The Loh Down On Science

Deep Microbes

How do you live forever? Be patient. And don't. Do. Anything.

This is Sandra Tsing Loh with the Loh Down on Science, and science's new-found secret about immortality … maybe.

Danish and German biologists recently extracted clay from beneath the bottom of the Pacific Ocean, near the equator. It had been there, undisturbed, for about 86-million years, which means it settled there when T. Rex was, you know, not extinct.

The clay contained communities of microbes that were alive--but just barely. There's not much oxygen or many nutrients in that deep gunk, and it's not like food gets delivered. So the germs had to make do.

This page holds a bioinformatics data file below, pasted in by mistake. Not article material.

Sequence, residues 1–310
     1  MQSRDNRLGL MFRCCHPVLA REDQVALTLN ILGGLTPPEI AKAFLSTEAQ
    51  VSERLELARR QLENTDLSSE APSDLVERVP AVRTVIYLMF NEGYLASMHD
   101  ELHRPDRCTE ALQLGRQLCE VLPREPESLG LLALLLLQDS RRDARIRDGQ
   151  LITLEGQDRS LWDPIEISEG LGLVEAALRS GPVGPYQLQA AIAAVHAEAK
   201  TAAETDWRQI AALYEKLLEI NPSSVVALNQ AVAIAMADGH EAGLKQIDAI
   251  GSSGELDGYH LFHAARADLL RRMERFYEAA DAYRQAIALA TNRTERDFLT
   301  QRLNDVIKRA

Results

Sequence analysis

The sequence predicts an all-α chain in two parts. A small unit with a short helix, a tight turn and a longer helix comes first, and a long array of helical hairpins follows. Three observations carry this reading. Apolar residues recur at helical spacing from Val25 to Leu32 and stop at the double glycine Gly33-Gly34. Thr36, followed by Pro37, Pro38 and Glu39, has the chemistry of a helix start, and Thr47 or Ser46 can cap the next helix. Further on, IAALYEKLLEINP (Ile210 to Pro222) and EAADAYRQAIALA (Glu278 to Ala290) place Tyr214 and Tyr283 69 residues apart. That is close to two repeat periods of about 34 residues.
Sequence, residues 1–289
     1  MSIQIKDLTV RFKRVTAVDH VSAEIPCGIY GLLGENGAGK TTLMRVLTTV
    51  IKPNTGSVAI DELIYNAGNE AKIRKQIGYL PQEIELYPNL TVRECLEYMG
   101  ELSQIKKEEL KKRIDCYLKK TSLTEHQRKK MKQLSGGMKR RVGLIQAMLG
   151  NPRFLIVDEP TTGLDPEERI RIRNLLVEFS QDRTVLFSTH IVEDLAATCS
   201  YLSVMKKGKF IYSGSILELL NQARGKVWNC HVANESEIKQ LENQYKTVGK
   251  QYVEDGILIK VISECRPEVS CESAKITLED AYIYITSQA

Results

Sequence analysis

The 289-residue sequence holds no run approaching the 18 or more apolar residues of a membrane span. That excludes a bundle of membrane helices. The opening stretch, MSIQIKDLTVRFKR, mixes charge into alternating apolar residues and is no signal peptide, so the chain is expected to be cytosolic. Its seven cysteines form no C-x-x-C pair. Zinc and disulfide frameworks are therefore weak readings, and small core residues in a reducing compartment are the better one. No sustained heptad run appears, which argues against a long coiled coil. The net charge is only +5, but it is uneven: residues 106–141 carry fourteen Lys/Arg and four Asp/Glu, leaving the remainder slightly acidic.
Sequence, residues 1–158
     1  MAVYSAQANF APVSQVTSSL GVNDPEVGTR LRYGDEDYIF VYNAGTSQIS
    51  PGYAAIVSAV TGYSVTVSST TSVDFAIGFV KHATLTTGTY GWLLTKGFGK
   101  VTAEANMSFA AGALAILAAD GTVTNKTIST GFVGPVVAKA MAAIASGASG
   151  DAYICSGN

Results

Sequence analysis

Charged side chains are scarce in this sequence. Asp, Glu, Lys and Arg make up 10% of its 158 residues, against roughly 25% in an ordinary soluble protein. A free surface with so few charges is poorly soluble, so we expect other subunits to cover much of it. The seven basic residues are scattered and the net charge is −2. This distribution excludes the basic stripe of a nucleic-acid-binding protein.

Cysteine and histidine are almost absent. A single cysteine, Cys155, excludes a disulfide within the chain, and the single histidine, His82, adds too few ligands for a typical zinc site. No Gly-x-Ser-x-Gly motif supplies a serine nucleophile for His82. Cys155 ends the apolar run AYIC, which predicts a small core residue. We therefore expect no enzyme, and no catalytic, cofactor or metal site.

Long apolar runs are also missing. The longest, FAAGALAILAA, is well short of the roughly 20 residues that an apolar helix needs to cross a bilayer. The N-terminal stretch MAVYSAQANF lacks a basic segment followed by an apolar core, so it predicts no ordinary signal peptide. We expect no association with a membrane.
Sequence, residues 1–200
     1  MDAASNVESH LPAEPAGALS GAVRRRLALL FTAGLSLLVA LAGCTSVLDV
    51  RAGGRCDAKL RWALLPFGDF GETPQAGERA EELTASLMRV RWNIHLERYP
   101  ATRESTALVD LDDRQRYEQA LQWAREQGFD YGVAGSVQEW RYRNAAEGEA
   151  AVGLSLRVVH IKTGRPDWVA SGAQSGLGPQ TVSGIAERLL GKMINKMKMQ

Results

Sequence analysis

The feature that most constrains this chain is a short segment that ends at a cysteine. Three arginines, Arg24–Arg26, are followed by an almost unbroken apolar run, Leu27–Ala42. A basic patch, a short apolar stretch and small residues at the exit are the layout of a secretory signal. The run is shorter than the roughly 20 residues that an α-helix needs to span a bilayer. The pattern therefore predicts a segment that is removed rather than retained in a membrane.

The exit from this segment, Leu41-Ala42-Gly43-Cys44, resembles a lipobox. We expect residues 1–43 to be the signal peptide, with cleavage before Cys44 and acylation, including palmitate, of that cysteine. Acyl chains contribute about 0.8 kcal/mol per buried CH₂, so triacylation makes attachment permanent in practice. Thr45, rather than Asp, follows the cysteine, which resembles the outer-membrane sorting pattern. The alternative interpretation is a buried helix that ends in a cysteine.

Which they did! The scientists say these microbes, which may be hundreds or thousands of years old, live on the edge of life. They don't eat enough to reproduce or grow; they consume only enough to meet the lowest requirements of staying alive.

What's more, these slow living, nearly immortal critters may be the dominant life-form on Earth.

I’ve heard of people’s bosses being slimy, but this is ridiculous!

The Loh Down on Science is produced by LDOS Media Lab, with 89.3 KPCC Pasadena, California. And made possible by the generous support of the Gordon and Betty Moore Foundation.


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